Why did your son refuse the initial settlement offer? If he doesn't remember, and the video requested from discovery comes to show that he committed the acts with which he is charged then you're left with zero bargaining power.

Practically speaking in most likelihood the prosecutor doesn't want to go to trial either, he has a stack of fifty other cases to work on. The prosecutor wants to settle, but if you come across as defiant in the face of damning evidence (in a case involving assault against the police no less) then you may get the "Oh yeah well screw you" treatment.

I don't see why your three wants are necessarily in conflict. What's your best outcome scenario, no jail time?

My non-professional advice would be to settle and move on. Lesson (hopefully) learned. Jail time will be involved. That's the price.
posted by karmaportrait at 11:20 AM on February 23, 2011

I'm conflicted by wanting the best outcome for my son, wanting him to be responsible for his mistake and wanting this all to be done.

I am sorry that your son is in this situation, and glad that he is taking the substance abuse issues so seriously. I wish him all the best with his recovery and with negotiating this legal dilemma.

Your conflicts are totally understandable, and this is why lawyers exist, because it's important for people who don't have a personal investment in this stuff to negotiate the outcomes, yes?

The reasons lawyers get paid more to go to trial is because going to trial is a ginormous pain in the ass and very labor-intensive. Without knowing your lawyer, I would hazard a guess that he or she does not want to string you along and go to trial just for the sake of the money--unless you had horrible luck and found an unusually venal lawyer, it's not likely.

Talk with the lawyer about whether he or she thinks the prosecutor will make a better offer. But your son needs to take the lead here; he's an adult at age 25, and though your support is going to be key in helping him through this, you also need to encourage him to be in charge of his own life.
posted by Sidhedevil at 11:20 AM on February 23, 2011 [8 favorites]

I agree with schmod, don't be conflicted. The State is not on your son's side, you need to be.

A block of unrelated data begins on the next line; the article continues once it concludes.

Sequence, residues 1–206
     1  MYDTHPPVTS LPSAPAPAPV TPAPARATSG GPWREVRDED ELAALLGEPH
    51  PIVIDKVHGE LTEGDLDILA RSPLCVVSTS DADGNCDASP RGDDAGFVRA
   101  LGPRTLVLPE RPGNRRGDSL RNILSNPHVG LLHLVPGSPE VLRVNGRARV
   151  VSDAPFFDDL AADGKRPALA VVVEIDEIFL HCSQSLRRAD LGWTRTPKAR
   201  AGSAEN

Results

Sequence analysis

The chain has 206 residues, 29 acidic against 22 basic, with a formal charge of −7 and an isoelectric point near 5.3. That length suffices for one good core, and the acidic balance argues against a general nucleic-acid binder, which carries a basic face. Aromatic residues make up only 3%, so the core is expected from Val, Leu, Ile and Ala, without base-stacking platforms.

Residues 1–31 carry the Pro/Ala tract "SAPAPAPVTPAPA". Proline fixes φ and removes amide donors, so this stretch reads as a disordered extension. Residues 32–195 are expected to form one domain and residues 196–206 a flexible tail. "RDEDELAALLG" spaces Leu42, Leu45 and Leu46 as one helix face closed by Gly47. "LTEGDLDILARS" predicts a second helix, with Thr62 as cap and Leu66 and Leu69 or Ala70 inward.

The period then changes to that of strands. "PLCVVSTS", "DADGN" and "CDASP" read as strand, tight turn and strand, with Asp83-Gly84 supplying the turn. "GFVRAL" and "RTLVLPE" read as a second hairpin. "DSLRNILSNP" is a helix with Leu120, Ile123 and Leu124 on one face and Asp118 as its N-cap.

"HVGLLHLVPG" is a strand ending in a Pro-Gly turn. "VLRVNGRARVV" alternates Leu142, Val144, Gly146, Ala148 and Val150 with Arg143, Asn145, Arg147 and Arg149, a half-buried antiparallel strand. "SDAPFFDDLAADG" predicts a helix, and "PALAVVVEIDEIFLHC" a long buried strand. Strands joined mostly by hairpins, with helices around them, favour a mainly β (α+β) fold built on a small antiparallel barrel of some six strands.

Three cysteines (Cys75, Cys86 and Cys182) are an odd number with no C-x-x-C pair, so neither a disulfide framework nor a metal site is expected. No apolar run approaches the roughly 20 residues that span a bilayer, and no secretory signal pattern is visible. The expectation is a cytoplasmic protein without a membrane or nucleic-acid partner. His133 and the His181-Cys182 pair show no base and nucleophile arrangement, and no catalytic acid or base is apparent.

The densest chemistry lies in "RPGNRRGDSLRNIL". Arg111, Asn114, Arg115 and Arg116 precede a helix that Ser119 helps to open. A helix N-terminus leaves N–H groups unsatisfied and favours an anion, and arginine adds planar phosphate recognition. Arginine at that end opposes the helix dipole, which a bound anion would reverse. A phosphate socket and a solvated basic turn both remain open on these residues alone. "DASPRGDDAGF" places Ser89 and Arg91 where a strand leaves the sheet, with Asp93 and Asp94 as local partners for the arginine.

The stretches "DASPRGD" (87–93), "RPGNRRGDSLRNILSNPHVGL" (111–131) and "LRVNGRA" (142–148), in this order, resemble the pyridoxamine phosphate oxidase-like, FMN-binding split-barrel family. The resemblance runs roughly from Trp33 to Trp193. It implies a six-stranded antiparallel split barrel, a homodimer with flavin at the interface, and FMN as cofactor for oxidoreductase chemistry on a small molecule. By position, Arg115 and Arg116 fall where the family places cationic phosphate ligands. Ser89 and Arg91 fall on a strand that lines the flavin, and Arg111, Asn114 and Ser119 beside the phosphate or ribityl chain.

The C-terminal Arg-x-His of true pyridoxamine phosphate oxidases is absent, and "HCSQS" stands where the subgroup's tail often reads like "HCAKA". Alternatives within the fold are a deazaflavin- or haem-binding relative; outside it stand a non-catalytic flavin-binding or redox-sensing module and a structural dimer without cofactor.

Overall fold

posted by the mad poster! at 11:20 AM on February 23, 2011 [7 favorites]

Ideally, the plea would be to a charge that wouldn't prevent your son from getting a job (something that sounds vague, non-violent, and minor like failure to give identification to a police officer is better than some misdemeanor assault) and doesn't have jail time. There may be a practice in your jurisdiction that allows the judge to defer entering a judgment in the case and, upon successful completion of probation, to dismiss the case. Really though, your attorney is the best guide, not internet strangers who don't know what jurisdiction you're in and what gross misdemeanor is being offered.

The prosecutor may be judged on statistics, such as how many cases result in a conviction or guilty plea or how many of those folks serve jail time, so from that perspective, the prosecutor may look better if your son goes to jail. But, above all, the prosecutor's job is to see that justice is done, not to look good for a stat sheet.

Don't be suspicious that your lawyer charges more to go to trial. It is monumentally more effort to find witnesses, interview potential witnesses to figure out what they know, prep your witnesses for trial, prepare direct examination for your witnesses and cross-examination of the government's witnesses, as well as opening and closing arguments, than it is to negotiate a plea bargain. I would be suspicious of a lawyer who didn't charge more to go to trial.
posted by *s at 11:28 AM on February 23, 2011 [1 favorite]

Several items of advice:

1. Your son should take the misdemeanor and the 60 days. Sixty days comes and goes and he'll be out before summer. Conversely, if he goes to trial he's looking at a felony conviction, which will adversely impact him for the rest of his life.

2. Sixty days is a good amount of time to get his head on straight. It will also be sixty days where he has no access to alcohol, because...

2. Your son needs to quit drinking. Forever. Incidents like these don't come singularly. Binge drinking to the point of memory loss and getting arrested is a recipe for tragedy.
posted by DWRoelands at 11:28 AM on February 23, 2011 [24 favorites]

I'm going to expound more on my earlier answer. The best possible scenarios here, vis-a-vis your son's obligations to "society" as represented by the state, would be that your son either cut a deal for a suspended sentence on a misdemeanor or went to trial on the felony and was acquitted. That's something the lawyer can handicap better than any of us can.